Southern California Real Estate Sales Stagnant in ‘12

Southern California home sales continued to struggle in the opening month of 2012, according to the latest reports from DataQuick. Experts note sales slumps are common for the …

Southern California home sales continued to struggle in the opening month of 2012, according to the latest reports from DataQuick. Experts note sales slumps are common for the first part of the year, which weighs heavily on the struggling Southland market. A mere 669 new-built homes sold in January, marking the lowest number DataQuick has recorded since it began its service more than 20 years ago. Absentee buyers also set records in January, buying 26.8% of homes in the market. More than half of the January resale market was made up of distressed homes, including foreclosed and short-sale homes, while tight credit restrictions kept most sales in the lower price tier. For more on this continue reading the following article from TheStreet.

The Southland housing market started 2012 with slightly higher sales and slightly lower prices despite record-low mortgage interest rates. Home sales skewed toward the lower price ranges, which is normal for January, as many traditional buyers retreated and investors snapped up homes at a record level, a real estate information service reported.

A total of 14,523 new and resale houses and condos sold in Los Angeles, Riverside, San Diego, Ventura, San Bernardino and Orange counties last month. That was down 24.5% from 19,247 in December, and up 0.4% from 14,458 in January 2011, according to DataQuick of San Diego.

Sales have increased year-over-year for five of the last six months. The sharp sales decline from December is normal for the season. Last month’s sales count was 17.8% below the 17,671 average for all the months of January since 1988.

A total of 669 newly built homes sold in January, the lowest number for any month since DataQuick started keeping track in 1988.

"January numbers have never been very good at providing an indication of what upcoming activity will be like. For that we need to wait until March. What we can determine is that the mortgage market remains dysfunctional. It will be interesting to see how a potential surge of refinance activity plays into the purchase market once the administration’s new guidelines are implemented," said John Walsh, DataQuick president.

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The median price paid for a Southland home last month was $260,000, down 3.7% from $270,000 for both December and January last year. The median was the lowest since $249,000 in May 2009. The median’s low point for the current real estate cycle was $247,000 in April 2009, while the high point was $505,000 in mid 2007. The peak-to-trough drop was due to a decline in home values as well as a shift in sales toward lower-cost homes, especially inland foreclosures.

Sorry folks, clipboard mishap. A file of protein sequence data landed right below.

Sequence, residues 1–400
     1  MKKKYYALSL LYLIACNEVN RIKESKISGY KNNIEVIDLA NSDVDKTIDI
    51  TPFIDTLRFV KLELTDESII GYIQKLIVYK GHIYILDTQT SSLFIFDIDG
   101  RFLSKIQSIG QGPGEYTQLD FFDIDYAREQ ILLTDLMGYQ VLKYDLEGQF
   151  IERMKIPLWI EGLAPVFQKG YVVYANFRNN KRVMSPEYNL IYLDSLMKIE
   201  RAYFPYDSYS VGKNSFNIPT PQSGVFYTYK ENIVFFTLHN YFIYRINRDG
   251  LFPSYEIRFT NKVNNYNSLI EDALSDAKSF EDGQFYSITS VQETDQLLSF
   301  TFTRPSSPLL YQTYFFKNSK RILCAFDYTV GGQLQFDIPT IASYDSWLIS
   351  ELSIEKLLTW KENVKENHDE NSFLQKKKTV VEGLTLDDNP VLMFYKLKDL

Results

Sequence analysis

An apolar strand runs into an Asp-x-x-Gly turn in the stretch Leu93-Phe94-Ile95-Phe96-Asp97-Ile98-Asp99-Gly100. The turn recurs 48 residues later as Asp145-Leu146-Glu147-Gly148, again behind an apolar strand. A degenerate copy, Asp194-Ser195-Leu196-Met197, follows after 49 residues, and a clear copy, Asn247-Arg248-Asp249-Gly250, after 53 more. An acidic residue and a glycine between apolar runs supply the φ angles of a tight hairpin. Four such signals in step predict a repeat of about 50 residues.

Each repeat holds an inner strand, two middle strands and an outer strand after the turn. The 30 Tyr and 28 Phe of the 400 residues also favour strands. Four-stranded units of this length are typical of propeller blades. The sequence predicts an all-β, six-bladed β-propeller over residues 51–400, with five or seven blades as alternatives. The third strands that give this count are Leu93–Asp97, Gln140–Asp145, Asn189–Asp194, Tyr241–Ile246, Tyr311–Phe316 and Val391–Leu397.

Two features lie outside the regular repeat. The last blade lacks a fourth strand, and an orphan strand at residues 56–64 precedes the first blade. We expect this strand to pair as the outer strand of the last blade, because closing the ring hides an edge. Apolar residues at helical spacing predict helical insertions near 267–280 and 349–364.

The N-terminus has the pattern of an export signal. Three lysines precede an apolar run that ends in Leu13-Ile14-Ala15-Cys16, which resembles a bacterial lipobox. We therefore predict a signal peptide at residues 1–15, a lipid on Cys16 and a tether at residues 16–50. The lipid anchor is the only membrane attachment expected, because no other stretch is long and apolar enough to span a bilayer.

Distressed sales made up more than half of January’s resale market.

Foreclosure resales — properties foreclosed on in the prior 12 months — made up 32.6% of resales last month, up from a revised 32.4% in December and down from 36.8% a year earlier. Foreclosure resales hit a high of 56.7% in February 2009 and a low of 32.8% last June.

Short sales — transactions where the sale price fell short of what was owed on the property — made up an estimated 21.3% of Southland resales last month. That was a high for the current real estate cycle and compares with 19.6% in both December and January 2011.

Meanwhile, credit conditions remained tight.

Adjustable-rate mortgages (ARMs) accounted for 6% of last month’s Southland home purchase loans, down from 6.4% in December and 7% a year ago. Since 2000, a monthly average of about 35% of purchase loans were ARMs.

Jumbo loans, mortgages above the old conforming limit of $417,000, accounted for 13.6% of last month’s purchase lending, down from 15.2% in both December and a year earlier. In the months leading up to the credit crisis that struck in August 2007, jumbos accounted for 4% of the market.

Absentee buyers — mostly investors and some second-home purchasers — bought a record 26.8% of the Southland homes sold in January, paying a median $193,500. The Inland Empire saw absentee purchases rise to a record 33.6% of all sales. Since 2000, the Southland’s absentee buyers purchased a monthly average of 16.9% of all homes sold.

Cash purchasers accounted for a near-record 31.4% of January home sales, paying a median $199,000. That was up from 29.8% in December, and up from 30.4% a year earlier. The 10-year monthly average for Southland homes purchased with cash is 15.1%. Cash purchases are where there was no indication in the public record that a corresponding purchase loan was recorded.

Government-insured FHA loans, a popular low-down-payment choice among first-time buyers, accounted for 31.2% of all purchase mortgages in January. Last month’s FHA level was up from 30.7% in December but down from 33.2% in January 2011. Two years ago FHA loans made up 35.0 % of the purchase loan market, while three years ago it was 38.9 %.

Last month 16% of all sales were for $500,000 or more, down from a revised 18.4% in December and down from 18.3% a year earlier. The low point for $500,000-plus sales was in January 2009, when only 13.8% of sales were above that threshold. Over the past decade, a monthly average of 27.2% of homes sold for $500,000 or more.

This article was republished with permission from TheStreet.


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